### Subsection 1.6. Non-Required Outside Courses

Any outside course not listed in Section 1 and not required for the AMCS PhD degree requires pre-approval by the AMCS Director.

## Section 2: Details on the Ph.D. Qualifying Examinations

Every student is required to demonstrate competence in core areas, either by passing (grade of B- or higher in each course) the core course sequences, or by passing the relevant portion of the Ph.D. Qualifying Examinations with a mark of PhD level pass. Graduate courses transferred from other universities may be used to satisfy the core course and mathematics course requirements, subject to approval of the AMCS Director.

The student must pass the Ph.D. Qualifying Exams within the first two years of graduate study based on the three MATH:5000-level core course sequences listed in Subsection 1.1 and also possibly in either algebra or topology to substitute for at most one of the core areas. The Ph.D. Qualifying Exams will be offered in all areas (as needed by student registration) at the beginning of each fall and spring semester. A Ph.D. student must register for the Ph.D. Qualifying Exams by the announced deadline, usually about a month before the start of the semester. A Ph.D. student cancelling his/her registration must do so at least one week prior to the Ph.D. Qualifying Exam session. After this date, any examination area not taken will be marked as "fail".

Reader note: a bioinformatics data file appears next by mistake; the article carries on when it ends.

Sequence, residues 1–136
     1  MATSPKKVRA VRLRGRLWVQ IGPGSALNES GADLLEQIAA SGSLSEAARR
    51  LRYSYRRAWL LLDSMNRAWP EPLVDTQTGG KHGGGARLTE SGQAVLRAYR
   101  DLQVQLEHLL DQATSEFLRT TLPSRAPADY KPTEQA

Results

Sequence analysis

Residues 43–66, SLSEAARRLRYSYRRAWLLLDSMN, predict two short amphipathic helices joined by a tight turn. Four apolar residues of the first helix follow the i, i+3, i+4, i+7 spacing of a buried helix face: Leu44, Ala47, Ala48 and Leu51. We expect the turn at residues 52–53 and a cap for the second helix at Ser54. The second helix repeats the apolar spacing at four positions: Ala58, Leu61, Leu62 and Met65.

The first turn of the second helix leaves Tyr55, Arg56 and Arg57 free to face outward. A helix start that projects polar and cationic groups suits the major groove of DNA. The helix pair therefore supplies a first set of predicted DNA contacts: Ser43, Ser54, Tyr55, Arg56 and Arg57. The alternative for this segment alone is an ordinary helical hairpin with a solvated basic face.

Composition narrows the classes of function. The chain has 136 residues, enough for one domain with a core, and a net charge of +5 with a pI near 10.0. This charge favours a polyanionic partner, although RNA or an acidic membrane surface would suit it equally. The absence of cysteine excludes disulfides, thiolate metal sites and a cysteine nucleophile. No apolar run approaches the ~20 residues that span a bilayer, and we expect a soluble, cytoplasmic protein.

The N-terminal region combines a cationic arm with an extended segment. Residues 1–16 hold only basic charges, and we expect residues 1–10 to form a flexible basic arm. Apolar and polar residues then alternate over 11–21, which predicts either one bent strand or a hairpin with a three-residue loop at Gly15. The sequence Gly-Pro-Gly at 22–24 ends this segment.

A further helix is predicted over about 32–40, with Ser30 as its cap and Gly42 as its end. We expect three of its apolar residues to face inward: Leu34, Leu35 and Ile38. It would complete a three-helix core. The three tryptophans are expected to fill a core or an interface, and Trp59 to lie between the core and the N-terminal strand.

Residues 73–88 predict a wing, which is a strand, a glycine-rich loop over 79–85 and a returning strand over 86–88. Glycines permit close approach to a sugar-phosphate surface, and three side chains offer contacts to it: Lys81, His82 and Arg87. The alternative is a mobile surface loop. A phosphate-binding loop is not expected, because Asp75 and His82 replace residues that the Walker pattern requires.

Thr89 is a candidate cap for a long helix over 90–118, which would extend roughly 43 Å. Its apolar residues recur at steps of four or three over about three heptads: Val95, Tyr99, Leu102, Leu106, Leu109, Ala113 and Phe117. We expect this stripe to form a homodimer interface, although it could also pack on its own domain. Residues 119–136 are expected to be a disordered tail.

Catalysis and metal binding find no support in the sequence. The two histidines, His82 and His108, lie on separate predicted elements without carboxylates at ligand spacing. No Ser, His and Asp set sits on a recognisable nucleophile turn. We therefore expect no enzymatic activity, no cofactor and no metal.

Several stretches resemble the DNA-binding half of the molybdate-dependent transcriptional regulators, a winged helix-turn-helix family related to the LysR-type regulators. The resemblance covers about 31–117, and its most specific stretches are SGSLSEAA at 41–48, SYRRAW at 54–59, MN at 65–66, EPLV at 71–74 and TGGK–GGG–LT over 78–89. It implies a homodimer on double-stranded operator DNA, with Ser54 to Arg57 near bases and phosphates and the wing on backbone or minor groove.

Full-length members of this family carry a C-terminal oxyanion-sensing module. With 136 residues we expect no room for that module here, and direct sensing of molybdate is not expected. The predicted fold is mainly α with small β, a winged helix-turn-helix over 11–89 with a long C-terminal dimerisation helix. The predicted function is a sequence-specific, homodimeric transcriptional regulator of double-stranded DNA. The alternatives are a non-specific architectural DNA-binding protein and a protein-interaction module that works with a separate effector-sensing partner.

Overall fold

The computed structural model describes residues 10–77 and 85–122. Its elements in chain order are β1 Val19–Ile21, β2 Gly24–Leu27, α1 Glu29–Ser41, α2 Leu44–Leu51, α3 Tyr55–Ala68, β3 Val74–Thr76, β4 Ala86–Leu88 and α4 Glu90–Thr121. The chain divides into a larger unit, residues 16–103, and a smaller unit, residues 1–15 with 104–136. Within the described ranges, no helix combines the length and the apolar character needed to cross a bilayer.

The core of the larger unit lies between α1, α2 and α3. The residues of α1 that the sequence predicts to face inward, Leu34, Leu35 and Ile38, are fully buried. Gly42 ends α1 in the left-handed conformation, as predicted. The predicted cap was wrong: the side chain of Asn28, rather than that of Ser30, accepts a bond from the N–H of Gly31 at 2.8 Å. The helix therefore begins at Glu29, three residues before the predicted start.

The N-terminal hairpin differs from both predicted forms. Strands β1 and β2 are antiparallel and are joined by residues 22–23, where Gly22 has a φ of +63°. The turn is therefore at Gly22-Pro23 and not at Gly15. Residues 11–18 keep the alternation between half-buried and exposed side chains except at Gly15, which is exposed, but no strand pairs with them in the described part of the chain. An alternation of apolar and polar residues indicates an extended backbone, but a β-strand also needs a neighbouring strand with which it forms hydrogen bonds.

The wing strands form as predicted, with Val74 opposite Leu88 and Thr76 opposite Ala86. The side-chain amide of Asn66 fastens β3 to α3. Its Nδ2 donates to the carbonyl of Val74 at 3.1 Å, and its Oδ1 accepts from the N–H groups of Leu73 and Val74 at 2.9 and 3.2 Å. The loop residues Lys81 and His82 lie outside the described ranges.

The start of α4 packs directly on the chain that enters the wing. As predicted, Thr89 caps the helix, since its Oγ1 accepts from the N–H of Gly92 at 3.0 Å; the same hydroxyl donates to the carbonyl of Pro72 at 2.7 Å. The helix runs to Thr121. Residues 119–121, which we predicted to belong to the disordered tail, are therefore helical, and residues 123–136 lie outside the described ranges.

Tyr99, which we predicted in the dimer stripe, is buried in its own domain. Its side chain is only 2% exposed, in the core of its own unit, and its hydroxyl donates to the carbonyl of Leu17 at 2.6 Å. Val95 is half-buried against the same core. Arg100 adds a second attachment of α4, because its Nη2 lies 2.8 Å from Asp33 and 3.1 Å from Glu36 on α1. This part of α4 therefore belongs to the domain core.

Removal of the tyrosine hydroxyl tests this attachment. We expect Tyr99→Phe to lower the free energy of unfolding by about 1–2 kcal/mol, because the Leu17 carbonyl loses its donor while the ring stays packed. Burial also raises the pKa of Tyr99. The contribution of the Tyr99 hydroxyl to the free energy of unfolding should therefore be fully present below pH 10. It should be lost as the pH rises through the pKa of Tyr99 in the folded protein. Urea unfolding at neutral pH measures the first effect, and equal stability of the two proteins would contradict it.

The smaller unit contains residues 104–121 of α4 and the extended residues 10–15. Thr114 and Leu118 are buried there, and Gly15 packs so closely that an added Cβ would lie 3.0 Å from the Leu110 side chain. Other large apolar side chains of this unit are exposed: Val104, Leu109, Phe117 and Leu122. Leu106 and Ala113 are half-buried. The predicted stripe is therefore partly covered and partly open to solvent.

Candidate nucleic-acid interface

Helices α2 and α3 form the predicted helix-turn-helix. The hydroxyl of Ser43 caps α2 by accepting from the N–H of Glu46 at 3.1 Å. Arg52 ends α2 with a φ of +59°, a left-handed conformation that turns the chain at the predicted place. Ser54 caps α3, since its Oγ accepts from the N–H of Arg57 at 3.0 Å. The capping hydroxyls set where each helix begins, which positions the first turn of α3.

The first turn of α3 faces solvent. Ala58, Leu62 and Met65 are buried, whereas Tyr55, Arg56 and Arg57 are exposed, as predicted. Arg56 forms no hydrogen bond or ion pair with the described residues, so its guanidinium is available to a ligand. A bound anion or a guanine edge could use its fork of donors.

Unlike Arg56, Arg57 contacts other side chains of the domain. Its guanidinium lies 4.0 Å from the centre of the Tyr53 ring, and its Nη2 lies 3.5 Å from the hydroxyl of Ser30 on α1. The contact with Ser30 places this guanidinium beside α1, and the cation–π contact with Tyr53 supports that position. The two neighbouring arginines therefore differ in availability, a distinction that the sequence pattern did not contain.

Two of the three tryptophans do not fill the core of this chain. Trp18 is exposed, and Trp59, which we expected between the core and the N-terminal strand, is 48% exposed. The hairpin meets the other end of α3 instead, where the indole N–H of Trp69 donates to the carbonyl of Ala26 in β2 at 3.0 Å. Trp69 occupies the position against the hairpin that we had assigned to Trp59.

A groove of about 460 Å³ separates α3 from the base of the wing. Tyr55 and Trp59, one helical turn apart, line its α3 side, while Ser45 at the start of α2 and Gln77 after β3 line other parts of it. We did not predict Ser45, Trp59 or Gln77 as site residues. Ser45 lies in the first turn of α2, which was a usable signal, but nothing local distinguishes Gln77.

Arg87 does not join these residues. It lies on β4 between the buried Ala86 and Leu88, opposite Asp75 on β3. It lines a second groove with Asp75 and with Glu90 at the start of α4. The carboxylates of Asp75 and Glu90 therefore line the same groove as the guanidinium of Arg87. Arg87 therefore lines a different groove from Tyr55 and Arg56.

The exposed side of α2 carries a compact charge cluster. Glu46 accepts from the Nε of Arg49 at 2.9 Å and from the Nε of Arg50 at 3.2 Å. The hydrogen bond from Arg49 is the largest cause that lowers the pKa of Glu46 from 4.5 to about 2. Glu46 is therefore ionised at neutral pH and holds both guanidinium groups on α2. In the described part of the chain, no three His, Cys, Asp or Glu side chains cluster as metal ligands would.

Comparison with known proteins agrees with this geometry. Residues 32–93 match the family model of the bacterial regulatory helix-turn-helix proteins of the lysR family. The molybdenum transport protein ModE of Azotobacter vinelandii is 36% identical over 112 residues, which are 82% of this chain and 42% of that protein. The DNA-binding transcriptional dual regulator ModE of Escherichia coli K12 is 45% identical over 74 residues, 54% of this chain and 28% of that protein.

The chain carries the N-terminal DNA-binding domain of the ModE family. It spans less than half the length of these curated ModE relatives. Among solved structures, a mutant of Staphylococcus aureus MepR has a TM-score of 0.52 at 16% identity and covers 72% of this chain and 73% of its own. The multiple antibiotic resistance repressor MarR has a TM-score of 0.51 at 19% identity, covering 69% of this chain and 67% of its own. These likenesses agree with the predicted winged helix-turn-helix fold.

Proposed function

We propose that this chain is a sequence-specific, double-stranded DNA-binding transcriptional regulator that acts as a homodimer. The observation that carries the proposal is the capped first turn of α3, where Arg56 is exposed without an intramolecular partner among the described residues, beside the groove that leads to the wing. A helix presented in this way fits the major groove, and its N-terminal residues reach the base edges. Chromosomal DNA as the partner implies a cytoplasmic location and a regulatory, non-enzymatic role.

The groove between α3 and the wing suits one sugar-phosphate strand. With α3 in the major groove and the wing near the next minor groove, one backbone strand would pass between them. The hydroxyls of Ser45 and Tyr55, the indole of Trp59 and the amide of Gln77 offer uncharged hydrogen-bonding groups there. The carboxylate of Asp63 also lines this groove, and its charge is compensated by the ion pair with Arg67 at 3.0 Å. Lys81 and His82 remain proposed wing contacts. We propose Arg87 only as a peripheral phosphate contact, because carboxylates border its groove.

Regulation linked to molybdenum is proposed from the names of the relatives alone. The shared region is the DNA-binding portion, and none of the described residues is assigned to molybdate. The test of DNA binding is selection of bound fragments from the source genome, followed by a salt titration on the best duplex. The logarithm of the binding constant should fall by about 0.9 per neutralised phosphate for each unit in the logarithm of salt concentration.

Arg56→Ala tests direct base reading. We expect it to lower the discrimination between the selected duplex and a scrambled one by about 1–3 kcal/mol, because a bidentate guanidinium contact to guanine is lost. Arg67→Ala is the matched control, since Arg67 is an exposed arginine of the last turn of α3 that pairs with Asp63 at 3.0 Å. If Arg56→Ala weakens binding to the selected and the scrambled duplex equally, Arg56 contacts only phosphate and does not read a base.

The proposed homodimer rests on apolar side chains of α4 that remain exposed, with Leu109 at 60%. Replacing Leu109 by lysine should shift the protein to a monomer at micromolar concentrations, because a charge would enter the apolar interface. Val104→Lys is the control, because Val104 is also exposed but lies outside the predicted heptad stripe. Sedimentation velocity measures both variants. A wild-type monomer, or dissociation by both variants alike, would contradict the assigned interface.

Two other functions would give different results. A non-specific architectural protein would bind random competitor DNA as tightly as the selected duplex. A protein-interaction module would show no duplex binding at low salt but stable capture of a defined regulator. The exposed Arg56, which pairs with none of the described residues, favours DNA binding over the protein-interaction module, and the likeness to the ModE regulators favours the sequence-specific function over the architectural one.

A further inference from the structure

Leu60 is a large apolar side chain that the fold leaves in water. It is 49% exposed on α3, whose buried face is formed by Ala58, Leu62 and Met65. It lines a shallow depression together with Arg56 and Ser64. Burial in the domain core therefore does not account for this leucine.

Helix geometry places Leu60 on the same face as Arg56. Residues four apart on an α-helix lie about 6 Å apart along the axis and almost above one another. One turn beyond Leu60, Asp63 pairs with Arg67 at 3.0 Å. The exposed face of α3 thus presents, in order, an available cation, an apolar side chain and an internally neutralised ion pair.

The Ph.D. Qualifying Exams consist of examinations in core areas (see Section 1) chosen by the Ph.D. student. Each examination area is three hour long and can be taken during different sessions. For each examination area, the student will receive a grade of "Ph.D. level pass", "Master's level pass" or "fail". An honorific grade of "Ph.D. level pass with Distinction" will be given for exceptional performance. To pass the Ph.D. Qualifying Exams, the student must pass three different examination areas with the mark of "Ph.D. level pass". Each examination area can be attempted at most three times. For a repeated examination area the best result counts, i.e., a mark of "fail" does not replace that of "Master's level pass". An examination area passed with a "Ph.D. level pass" cannot be repeated. A first exception rule for passing the Ph.D. Qualifying Exams is as follows: A Ph.D. student is considered as having passed the Ph.D. Qualifying Exams if the result of three examination areas taken during the first Fall session (1st semester of study), the first Spring session (2nd semester of study), and the consecutive Fall session (3rd semester of study) consists of two "Ph.D. level passes" and one "Master's level pass". A second exception rule for passing the Ph.D. Qualifying Exams is as follows: A Ph.D. student is considered as having passed the Ph.D. Qualifying Exams in the situation that at least three examination areas are taken during the same session and the result of three of those examinations consists at least of two "Ph.D. level passes" and one "Master's level pass".